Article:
May 262015
 

Early Wednesday morning, we got up in Brussels, drove confusedly through the downtown area until we found whatever passes as a highway in Belgium. Then we drove a long way to Paris. We had lunch at a gas station. Once we got to Paris, we encountered the insanity of French drivers. Brussels ranks #1 in my experience for “Most difficult to navigate.” Paris ranks #1 in my experience for “Most terrifying to drive in.”

We spent two days in Paris.

Paris!

We got into our hotel around 10:00 AM. The hotel sucked (except for the room). We spent the remainder of the day walking from sight to sight in Paris. Paris is a big, sprawling city. We walked 18 miles (28.8km). I was impressed by how large and numerous the public parks are.

We walked into the Jardin du Luxembourg and discovered the scale of the map we were using. Then we rerouted toward Notre Dame. It was another magnificent church! We happened to get there shortly before Mass, so we meandered a bit and then attended. I learned that Mass in French makes as much sense to me as Mass in English. It sounded nice, though. This may be the first time I’ve gone to church on vacation. Did you know that construction started in the 1100s?

We then walked around that island and saw other ancient, magnificent buildings. We left the island and visited the Louvre. The Louvre is a monstrosity.

The Louvre, pictured with our home and our neighbors, the Cathedral of Notre Dame, the Cathedral of St. Michael, my workplace and its surrounding parking lot, Soldier Field, and a god damn aircraft carrier.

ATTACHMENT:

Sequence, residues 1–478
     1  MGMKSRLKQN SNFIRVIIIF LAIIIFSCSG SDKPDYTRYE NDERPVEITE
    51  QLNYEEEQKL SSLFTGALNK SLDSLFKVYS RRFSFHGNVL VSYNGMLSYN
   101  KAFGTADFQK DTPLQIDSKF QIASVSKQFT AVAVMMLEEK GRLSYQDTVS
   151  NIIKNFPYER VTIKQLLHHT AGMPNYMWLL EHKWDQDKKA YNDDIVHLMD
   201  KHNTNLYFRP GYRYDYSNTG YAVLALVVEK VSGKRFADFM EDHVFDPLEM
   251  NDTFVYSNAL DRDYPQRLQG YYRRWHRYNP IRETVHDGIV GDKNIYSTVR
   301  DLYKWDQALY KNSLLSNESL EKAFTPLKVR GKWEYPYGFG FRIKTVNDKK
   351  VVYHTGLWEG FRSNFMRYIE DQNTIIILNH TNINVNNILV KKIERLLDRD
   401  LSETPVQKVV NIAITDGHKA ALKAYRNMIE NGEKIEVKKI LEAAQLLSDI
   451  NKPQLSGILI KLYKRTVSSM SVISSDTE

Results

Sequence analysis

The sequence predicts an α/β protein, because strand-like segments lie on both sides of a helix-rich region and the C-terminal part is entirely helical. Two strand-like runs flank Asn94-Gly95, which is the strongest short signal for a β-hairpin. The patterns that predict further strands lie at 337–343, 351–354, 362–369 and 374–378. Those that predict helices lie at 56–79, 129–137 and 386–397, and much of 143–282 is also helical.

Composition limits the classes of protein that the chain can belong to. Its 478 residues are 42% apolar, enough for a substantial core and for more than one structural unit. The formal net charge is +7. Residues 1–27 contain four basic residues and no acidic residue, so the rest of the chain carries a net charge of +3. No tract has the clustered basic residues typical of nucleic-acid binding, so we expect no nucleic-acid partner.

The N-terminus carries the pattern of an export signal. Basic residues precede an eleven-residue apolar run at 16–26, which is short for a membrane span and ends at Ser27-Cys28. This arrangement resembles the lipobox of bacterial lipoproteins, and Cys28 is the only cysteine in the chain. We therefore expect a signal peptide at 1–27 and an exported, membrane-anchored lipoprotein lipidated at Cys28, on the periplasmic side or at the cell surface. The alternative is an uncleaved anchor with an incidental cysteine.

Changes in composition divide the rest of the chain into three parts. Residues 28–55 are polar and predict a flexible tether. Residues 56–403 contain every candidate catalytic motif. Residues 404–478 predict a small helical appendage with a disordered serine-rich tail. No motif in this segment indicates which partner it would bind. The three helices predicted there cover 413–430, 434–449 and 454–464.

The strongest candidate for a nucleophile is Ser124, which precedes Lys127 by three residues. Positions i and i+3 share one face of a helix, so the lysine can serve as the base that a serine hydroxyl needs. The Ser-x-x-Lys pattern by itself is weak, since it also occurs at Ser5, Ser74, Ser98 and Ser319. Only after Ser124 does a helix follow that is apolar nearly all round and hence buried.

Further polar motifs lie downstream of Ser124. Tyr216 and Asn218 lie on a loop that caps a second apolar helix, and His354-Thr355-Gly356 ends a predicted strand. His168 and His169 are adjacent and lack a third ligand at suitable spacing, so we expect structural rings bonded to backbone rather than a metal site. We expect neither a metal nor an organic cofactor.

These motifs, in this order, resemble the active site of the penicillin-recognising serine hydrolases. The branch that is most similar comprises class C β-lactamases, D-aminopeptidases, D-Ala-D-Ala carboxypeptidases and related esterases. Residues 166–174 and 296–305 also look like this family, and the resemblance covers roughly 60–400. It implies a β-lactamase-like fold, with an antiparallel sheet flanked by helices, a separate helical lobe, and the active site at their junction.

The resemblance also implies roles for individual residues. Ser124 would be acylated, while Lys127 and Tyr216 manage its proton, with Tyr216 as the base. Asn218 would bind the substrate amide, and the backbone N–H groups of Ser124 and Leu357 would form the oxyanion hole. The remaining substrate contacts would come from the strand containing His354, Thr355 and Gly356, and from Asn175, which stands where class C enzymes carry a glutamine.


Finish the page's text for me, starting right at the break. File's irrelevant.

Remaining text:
We decided to go in because the lines were short, and we were quickly overwhelmed. We spent most of our time navigating. We hit a few major items (Mona Lisa, Venus de Milo, etc), and then bolted. KrisDi wanted to walk through the park in front of the Louvre, but it’s even bigger. We walked through part of it.

We walked on and had a light lunch of wine, bread, and cheese. We walked by other magnificent and ancient architecture, such as the Acadamie Nationale de Musique and the Royal Palace. We walked and walked and saw and saw. We headed to Au Petit Panisse for dinner, based on Northwood’s recommendation (he’d been there a few weeks earlier — they remembered him, and they seated us exactly where they sat). Then our camera battery died, but we still had 5km to walk back to the hotel. We planned a route past more magnificent, ancient architecture.

The next day, we resolved to use the Metro and walk less. Consequently, we only hoofed 12 miles. We hit the Eiffel Tower and Trocadero before breakfast. Then on to the Arc de Triomphe (elevator out of service, about 1,000 steps to the top), down Champs Elysees to the Grand and Petite Palaises. Then on to the Hotel Des Invalides. Then lunch, a Metro ride to Sacre Coeur (with about 1,000 steps to get to ground level from the train), and short and powerful rainstorm that caused tourists to stampede into whatever building was nearby (mostly Sacre Coeur). The Metro back toward the hotel, followed by a snack of wine and croissants plus a short trip to a wine store before (what we consider) a late dinner at La Mamma.